Block on Trump's Asylum Ban Upheld by Supreme Court
Even though the Affordable Care Act's contraception mandate took a blow in Hobby Lobby, the Obama administration is still out there trying to preserve it -- and head off any future problems.
On Friday, the Department of Health and Human Services issued new proposed rules about the procedures religious employers can use to get exempted from providing contraceptive coverage in their employer-sponsored health plans.
Heading up to the Supreme Court are several challenges brought by nonprofit organizations to the ACA's religious exemption. The ACA allows a religious nonprofit employer, like the University of Notre Dame or the Little Sisters of the Poor, to sign a form indicating that it objects to providing contraceptive coverage. This still allows the employee to obtain contraceptives, but the employer doesn't have to pay for it.
Both Notre Dame and Little Sisters objected to even this accommodation; they argue that the act of signing a form still gives them some sort of hand in a woman obtaining contraceptives. (In ruling against Notre Dame, however, Judge Richard Posner said Notre Dame got the legal mechanism wrong. The contraceptive coverage isn't triggered by the denial of coverage by the employer; it would happen whether or not they signed the objection form.)
HHS' new regulations provide that an employer just has to notify HHS in writing of its objection, and HHS will take care of the logistics of insuring the employee for contraceptive coverage. (Though given Little Sister's obstinacy to women in its employ having any access to contraception, this is unlikely to placate them.)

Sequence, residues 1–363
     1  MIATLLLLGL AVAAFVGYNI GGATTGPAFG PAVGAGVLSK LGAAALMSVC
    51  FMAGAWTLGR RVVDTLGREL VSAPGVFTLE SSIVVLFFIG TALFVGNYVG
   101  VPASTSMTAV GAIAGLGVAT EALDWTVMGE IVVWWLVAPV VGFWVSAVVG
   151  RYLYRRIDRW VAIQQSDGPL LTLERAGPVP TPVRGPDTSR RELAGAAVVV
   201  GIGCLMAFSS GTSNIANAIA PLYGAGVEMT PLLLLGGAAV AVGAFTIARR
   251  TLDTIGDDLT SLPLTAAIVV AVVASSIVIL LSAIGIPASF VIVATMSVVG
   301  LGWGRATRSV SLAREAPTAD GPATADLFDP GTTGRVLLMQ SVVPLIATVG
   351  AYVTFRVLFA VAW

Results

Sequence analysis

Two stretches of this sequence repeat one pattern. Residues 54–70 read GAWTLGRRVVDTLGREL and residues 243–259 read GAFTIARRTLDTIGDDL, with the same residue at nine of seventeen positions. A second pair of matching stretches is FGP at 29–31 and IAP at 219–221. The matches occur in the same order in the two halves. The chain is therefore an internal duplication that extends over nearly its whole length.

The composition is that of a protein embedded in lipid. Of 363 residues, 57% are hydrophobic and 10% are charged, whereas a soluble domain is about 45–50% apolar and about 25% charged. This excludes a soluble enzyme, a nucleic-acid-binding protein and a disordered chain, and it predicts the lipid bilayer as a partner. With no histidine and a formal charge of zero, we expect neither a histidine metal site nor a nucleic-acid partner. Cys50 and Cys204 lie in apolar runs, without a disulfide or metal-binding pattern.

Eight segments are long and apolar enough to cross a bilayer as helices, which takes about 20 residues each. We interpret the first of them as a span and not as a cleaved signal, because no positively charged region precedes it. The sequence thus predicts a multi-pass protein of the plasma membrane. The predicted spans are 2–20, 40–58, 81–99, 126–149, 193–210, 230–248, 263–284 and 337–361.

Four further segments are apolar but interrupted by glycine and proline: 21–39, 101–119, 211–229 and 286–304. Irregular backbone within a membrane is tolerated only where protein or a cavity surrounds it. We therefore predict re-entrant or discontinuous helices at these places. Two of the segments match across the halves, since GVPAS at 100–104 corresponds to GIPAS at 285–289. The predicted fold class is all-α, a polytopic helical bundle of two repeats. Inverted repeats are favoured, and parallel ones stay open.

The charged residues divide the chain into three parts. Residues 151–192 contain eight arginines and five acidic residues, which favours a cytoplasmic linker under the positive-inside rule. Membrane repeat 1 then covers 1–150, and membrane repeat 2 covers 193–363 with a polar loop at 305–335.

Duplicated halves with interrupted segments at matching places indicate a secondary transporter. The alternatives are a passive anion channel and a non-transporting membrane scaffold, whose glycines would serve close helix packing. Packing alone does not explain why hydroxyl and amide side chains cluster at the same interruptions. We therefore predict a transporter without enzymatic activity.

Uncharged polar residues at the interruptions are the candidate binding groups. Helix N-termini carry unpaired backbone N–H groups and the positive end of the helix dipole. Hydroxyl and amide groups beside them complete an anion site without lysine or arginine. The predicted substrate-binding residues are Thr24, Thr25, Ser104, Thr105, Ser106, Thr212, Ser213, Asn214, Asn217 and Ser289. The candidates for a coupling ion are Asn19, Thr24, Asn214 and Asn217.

For Closely Held For-Profit Companies
Yes, we're talking about Hobby Lobby. Under the proposed regulations, closely held corporations that object to providing contraception would be treated like nonprofits in that they would only have to make their objection in writing. HHS would handle the logistics of providing contraception. Treating companies like Hobby Lobby like religious nonprofits for ACA purposes is exactly what the Supreme Court floated as a possible "less restrictive means" of achieving the same goal.
That's the easy part. Here's the hard part: One of the questions the regulations seek to answer is, "What is a closely held for-profit corporation?" Proposed regulation 2014-20254 suggests two options: (1) "Where none of the ownership interests in the entity is publicly traded and where the entity has fewer than a specified number of shareholders or owners"; or (2) "A for-profit entity in which the ownership interests are not publicly traded, and in which a specified fraction of the ownership interest is concentrated in a limited and specified number of owners." Different government agencies (and parts of the tax code) use these different definitions for a closely held corporation.
The proposed regulations will be open for public comment at Regulations.gov until October 21.